The human body isn’t very well designed. Our eyes have a blind spot. We have too many bones in our feet and way too many teeth. Our pelvises are too narrow. We have achy backs and knees from walking upright, for goodness sake, and we’ve been doing that for about six million years.
It’s one thing to accept the flawed and fallible nature of the human form. Consider it within the context of evolution, however, and it becomes a bit harder to comprehend. We’re taught evolution as based purely on the survival of the best-adapted traits, where form evolves to perform function, and maybe there isn’t an actual intelligent designer, but there might as well be. Why, then, do our bodies often seem so poorly adapted to the environments we live in? How does evolution explain hiccups and tooth decay and phlegm? How, indeed, does evolution explain mental illness?
Why are our bodies so poorly adapted to the environments we live in?
Introducing antagonistic pleiotropy – the idea that all genes are basically an evolutionary trade-off. Genes are selfish, and they’re selfish because they have to be. Natural selection doesn’t reward genes that offer health or happiness. Natural selection rewards genes that offer reproductive success; in other words, genes that make more genes. The abject misery of depression might not seem a reasonable trade-off for its proposed adaptations, but the genes, well, they disagree.
If you’re interested, it’s thought that some of depression’s adaptations include shutting down behaviours that have more potential risk than return and concentrating attention on analysing complex problems in order to solve them. This, according to evolutionary theory, is why depression makes you withdraw from activities and why you may find yourself ruminating. There are a whole host of other theories to explain other depressive symptoms.
It’s also worth remembering how much the modern world differs from the environment in which many of these genes initially evolved. The first fossils of early humans are estimated to be about 4 million years old. On an evolutionary time scale, that’s about five minutes, and yet it boggles the mind to think of how different the environment of those early humans was.
Natural selection doesn’t reward genes for health or happiness
Isn’t it easy to see how genes that are made to assist a hunter-gatherer would be anxiety-inducing when faced with the concept of the twenty-four-hour news cycle? That fairly innocent, reward-seeking genes could make you behave differently when smartphones cruelly deal out dopamine in response to every notification?
It has been hypothesised that the repetitive checking and circular thought associated with Obsessive-Compulsive Disorder might have evolved as a sort of risk-avoidance mechanism. That’s a sensible evolutionary strategy, until it’s faced with social media, which rewards repetitive checking and circular thought. What was originally a feature can easily look like a bug in the context of our nervous planet. Our knees worked better when we walked on four limbs instead of two, and maybe our brains aren’t so different.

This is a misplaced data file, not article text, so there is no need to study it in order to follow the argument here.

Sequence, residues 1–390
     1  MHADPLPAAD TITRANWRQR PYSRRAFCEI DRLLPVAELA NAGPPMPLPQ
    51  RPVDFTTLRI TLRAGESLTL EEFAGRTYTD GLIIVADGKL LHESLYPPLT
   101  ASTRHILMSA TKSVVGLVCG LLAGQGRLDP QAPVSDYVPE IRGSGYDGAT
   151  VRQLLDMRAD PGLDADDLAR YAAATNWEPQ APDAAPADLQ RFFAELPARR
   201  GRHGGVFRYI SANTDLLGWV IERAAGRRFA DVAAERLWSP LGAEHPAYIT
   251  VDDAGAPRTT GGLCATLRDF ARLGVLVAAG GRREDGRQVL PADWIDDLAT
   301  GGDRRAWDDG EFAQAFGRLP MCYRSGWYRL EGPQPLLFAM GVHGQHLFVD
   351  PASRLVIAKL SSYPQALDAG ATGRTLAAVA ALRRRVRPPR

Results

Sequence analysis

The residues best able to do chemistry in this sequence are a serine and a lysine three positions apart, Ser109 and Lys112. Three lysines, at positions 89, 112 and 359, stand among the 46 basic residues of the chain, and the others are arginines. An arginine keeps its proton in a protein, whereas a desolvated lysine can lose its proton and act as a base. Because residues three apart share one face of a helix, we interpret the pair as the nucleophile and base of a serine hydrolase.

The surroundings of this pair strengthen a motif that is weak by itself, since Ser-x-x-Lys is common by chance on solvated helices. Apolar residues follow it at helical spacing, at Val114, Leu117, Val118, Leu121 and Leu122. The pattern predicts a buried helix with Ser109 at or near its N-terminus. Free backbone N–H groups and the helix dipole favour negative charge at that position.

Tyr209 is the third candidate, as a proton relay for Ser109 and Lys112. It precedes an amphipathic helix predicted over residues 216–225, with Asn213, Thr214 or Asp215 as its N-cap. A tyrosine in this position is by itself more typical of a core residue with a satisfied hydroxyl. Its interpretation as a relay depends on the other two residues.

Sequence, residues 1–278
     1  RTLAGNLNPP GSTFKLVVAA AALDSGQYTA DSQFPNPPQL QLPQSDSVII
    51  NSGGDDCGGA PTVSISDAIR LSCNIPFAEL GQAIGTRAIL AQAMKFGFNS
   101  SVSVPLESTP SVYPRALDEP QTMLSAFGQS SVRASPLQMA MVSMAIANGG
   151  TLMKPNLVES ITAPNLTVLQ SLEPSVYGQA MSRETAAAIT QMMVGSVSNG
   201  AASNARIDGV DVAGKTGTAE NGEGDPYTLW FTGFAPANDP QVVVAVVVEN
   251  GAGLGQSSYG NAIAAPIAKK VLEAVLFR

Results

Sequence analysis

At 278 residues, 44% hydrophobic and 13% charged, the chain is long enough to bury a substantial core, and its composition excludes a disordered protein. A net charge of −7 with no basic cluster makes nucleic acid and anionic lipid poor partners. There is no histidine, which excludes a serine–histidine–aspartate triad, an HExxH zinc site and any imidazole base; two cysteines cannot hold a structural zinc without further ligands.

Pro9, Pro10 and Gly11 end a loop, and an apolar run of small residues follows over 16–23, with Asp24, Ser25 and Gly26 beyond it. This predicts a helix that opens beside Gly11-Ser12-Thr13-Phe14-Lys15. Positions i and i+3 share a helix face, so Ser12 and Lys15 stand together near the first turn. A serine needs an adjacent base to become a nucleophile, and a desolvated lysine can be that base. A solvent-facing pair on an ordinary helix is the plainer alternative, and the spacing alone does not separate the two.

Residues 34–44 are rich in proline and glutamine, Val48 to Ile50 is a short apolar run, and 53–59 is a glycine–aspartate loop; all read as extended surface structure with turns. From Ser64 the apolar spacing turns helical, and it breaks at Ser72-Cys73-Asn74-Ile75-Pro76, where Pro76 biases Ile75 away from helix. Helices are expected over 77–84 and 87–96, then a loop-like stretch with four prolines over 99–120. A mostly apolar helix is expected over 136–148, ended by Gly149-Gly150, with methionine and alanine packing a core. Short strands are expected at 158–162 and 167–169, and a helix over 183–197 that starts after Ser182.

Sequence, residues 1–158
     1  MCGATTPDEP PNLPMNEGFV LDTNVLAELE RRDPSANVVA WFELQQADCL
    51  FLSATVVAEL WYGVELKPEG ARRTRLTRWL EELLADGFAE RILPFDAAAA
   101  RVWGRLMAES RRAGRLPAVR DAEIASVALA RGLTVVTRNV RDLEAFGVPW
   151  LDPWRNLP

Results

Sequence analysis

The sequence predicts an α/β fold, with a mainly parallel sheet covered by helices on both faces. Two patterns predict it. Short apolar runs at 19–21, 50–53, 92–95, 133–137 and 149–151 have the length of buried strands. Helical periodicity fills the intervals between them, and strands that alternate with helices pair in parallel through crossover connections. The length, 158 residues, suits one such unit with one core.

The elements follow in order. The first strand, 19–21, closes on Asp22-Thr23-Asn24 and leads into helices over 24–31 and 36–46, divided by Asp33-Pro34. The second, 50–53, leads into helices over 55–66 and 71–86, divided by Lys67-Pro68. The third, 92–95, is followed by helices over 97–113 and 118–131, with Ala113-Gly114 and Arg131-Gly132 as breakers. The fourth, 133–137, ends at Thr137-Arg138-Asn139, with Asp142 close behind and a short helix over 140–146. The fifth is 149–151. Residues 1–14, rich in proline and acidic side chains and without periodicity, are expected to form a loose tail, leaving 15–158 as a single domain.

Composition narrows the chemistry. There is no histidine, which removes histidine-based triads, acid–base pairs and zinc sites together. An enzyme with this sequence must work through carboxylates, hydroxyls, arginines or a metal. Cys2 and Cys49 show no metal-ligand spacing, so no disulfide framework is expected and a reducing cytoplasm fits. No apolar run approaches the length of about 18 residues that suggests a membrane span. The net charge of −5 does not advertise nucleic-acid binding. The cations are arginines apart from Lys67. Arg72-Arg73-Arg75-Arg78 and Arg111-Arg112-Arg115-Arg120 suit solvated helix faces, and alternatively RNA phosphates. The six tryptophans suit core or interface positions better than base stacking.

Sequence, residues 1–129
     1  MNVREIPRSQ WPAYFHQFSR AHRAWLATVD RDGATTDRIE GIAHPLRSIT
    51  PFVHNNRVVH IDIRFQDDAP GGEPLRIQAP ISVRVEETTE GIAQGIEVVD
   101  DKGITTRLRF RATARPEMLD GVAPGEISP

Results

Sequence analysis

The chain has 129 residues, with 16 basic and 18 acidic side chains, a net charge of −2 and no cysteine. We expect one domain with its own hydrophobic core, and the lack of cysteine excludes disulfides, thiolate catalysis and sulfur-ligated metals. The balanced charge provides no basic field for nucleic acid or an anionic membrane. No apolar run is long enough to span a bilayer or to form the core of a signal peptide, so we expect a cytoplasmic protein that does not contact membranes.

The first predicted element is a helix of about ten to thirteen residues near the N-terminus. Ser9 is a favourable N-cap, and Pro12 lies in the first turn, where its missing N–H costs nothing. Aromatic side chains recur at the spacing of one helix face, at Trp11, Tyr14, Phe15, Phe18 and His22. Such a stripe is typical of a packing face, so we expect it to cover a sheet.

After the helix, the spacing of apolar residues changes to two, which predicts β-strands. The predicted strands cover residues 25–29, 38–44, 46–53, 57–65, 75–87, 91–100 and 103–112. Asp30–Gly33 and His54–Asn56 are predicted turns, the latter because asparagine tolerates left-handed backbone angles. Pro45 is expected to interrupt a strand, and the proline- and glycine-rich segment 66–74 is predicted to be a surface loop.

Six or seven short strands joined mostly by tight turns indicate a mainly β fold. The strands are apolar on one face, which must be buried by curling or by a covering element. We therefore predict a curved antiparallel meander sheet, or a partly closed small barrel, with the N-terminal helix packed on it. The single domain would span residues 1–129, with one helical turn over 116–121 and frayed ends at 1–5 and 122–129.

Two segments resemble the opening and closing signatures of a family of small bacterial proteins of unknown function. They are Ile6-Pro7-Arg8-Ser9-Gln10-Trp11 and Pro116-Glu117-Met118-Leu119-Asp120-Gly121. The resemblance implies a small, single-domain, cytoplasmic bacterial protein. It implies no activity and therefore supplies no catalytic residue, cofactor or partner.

(As an aside, remember social media doesn’t want to offer you health or happiness any more than natural selection does. Not unlike the way your genes want to make more genes, social media wants to keep you on social media).
So what? It’s all well and good to know there’s an evolutionary basis for mental illness, but it doesn’t really help someone in the throes of dealing with one. Well, I think there’s a potentially comforting moral to this story.
I know it’s unpopular thinking, trying to draw any kind of positive from mental illness, lest it strays into romanticising. We’re encouraged to think of our mental illnesses as black clouds in the otherwise blue sky of our minds, to struggle against them, to address every negative thought head-on, to take up running, to meditate, anything to fix the problem our minds have created. For many years, my own favourite motif for my depression was my ‘brain goblin’.
My genes aren’t trying to make me miserable, they’re just trying to help me survive
But it’s not a goblin. It’s just my genes. Or not even ‘my’ genes, as such, but just ‘the’ genes; the millennia-old genetic signatures I’m currently providing a home for. They’re not trying to make me miserable. They’re just trying to help me survive, and it’s gone a bit wonky.
Unconventional? Perhaps. But just as it can be comforting to remember our cosmic insignificance (not as distressing as it might seem – see Carl Sagan’s Pale Blue Dot for an example), it can be comforting to remember our biological significance. Trillions of cells, billions of years of evolution, millions of heartbeats, hundreds of thousands of miles of blood vessels. About 20,000 genes, 206 bones, 28 teeth if you’re lucky, and just one you. If you ask me, that’s pretty cool.
Image: ZEISS Microscopy via Flickr